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An accessible and enlightening biography.

An examination of Rudyard Kipling’s life and work through the lens of the years he spent living in the United States.

Many scholars regard the once-popular writer as little more than the “jingoist Bard of Empire.” In this book, Benfey (English/Mount Holyoke Coll.; Red Brick, Black Mountain, White Clay: Reflections on Art, Family, and Survival, 2012, etc.) discusses Kipling's little-discussed but highly productive “Vermont decade” to suggest that he became “the writer we know…because of his deep involvement with the United States.” Benfey begins in 1889, the year Kipling traveled from Bombay to London via a route that took him east through the U.S., where he began a friendship with Mark Twain and visited the homes of other American literary idols including Ralph Waldo Emerson and Henry Wadsworth Longfellow. When he arrived in London in 1890, he met an American, whom he married in 1892. On a whim, the pair bought land in Vermont while on their honeymoon. But after Kipling’s savings were unexpectedly wiped out by a financial panic, they returned to New England to settle. There, Kipling, determined to become an American writer, conceived or wrote some of his greatest works: Kim, a book that would later become a must-read for CIA operatives; Captain’s Courageous, which he called his “first genuine out and out American story"; and the The Jungle Book, a novel Benfey argues arose in part as Kipling’s response to Vermont surroundings that made him feel he was “living in a lawless jungle.” On a visit to Washington, D.C., the writer met the imperialist war hawk and rising political star Theodore Roosevelt, whom he befriended. Kipling hated the “saber-rattling” he observed among American politicians, but he also believed—as he would suggest in his poem “The White Man’s Burden”—that the U.S. needed to “assume its share of the responsibilities of empire.” Intelligent and well-researched, Benfey’s book accomplishes a delicate feat by highlighting the complexity of Kipling’s life and work without seeking to minimize his colonialist, racist views.

An accessible and enlightening biography.

Pub Date: July 9, 2019

ISBN: 978-0-7352-2143-7

Page Count: 256

Publisher: Penguin Press

Review Posted Online: April 27, 2019

Kirkus Reviews Issue: May 15, 2019

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The author's youthfulness helps to assure the inevitable comparison with the Anne Frank diary although over and above the...

Elie Wiesel spent his early years in a small Transylvanian town as one of four children. 

He was the only one of the family to survive what Francois Maurois, in his introduction, calls the "human holocaust" of the persecution of the Jews, which began with the restrictions, the singularization of the yellow star, the enclosure within the ghetto, and went on to the mass deportations to the ovens of Auschwitz and Buchenwald. There are unforgettable and horrifying scenes here in this spare and sombre memoir of this experience of the hanging of a child, of his first farewell with his father who leaves him an inheritance of a knife and a spoon, and of his last goodbye at Buchenwald his father's corpse is already cold let alone the long months of survival under unconscionable conditions.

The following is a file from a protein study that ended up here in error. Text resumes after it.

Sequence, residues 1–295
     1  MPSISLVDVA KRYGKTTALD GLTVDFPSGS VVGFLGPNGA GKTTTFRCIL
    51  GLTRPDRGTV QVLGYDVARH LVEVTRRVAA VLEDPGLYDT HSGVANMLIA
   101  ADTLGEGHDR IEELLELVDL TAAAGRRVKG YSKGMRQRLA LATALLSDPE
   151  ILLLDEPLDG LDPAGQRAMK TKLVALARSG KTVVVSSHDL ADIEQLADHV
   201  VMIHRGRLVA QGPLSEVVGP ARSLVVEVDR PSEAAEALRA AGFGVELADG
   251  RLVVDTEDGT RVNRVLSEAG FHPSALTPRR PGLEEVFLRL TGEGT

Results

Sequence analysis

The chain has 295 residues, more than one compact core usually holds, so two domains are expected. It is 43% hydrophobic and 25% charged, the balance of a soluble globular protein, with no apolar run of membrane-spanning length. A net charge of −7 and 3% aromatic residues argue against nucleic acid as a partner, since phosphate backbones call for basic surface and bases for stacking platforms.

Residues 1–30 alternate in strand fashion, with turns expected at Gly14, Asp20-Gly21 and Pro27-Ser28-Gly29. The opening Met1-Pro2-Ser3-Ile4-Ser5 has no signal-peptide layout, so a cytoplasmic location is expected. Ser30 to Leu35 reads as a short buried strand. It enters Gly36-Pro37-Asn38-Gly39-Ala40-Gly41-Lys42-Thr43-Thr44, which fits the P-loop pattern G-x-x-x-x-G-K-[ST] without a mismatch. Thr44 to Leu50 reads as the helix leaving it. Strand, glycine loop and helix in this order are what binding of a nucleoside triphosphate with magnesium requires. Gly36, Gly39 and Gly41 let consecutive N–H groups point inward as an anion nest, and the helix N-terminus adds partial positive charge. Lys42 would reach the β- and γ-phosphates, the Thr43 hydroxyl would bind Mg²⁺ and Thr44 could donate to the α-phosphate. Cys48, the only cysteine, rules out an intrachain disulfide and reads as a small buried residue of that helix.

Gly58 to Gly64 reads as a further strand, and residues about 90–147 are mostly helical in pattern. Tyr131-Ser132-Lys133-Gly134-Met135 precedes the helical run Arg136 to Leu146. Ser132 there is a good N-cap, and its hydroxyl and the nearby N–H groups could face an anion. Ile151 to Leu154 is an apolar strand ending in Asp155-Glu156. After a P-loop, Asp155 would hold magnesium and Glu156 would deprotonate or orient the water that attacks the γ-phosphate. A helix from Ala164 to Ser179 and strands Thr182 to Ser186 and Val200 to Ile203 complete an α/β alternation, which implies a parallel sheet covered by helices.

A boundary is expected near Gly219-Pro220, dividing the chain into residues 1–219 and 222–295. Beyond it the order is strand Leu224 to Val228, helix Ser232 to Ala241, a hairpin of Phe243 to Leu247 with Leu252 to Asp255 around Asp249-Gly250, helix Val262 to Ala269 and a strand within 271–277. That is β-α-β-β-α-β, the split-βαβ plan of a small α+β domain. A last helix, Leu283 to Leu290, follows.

The author's youthfulness helps to assure the inevitable comparison with the Anne Frank diary although over and above the sphere of suffering shared, and in this case extended to the death march itself, there is no spiritual or emotional legacy here to offset any reader reluctance.

Pub Date: Jan. 16, 2006

ISBN: 0374500010

Page Count: 120

Publisher: Hill & Wang

Review Posted Online: Oct. 7, 2011

Kirkus Reviews Issue: Jan. 15, 2006

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Well-told and admonitory.

Young-rags-to-mature-riches memoir by broker and motivational speaker Gardner.

Born and raised in the Milwaukee ghetto, the author pulled himself up from considerable disadvantage. He was fatherless, and his adored mother wasn’t always around; once, as a child, he spied her at a family funeral accompanied by a prison guard. When beautiful, evanescent Moms was there, Chris also had to deal with Freddie “I ain’t your goddamn daddy!” Triplett, one of the meanest stepfathers in recent literature. Chris did “the dozens” with the homies, boosted a bit and in the course of youthful adventure was raped. His heroes were Miles Davis, James Brown and Muhammad Ali. Meanwhile, at the behest of Moms, he developed a fondness for reading. He joined the Navy and became a medic (preparing badass Marines for proctology), and a proficient lab technician. Moving up in San Francisco, married and then divorced, he sold medical supplies. He was recruited as a trainee at Dean Witter just around the time he became a homeless single father. All his belongings in a shopping cart, Gardner sometimes slept with his young son at the office (apparently undiscovered by the night cleaning crew). The two also frequently bedded down in a public restroom. After Gardner’s talents were finally appreciated by the firm of Bear Stearns, his American Dream became real. He got the cool duds, hot car and fine ladies so coveted from afar back in the day. He even had a meeting with Nelson Mandela. Through it all, he remained a prideful parent. His own no-daddy blues are gone now.

Well-told and admonitory.

Pub Date: June 1, 2006

ISBN: 0-06-074486-3

Page Count: 320

Publisher: Amistad/HarperCollins

Review Posted Online: May 19, 2010

Kirkus Reviews Issue: March 15, 2006

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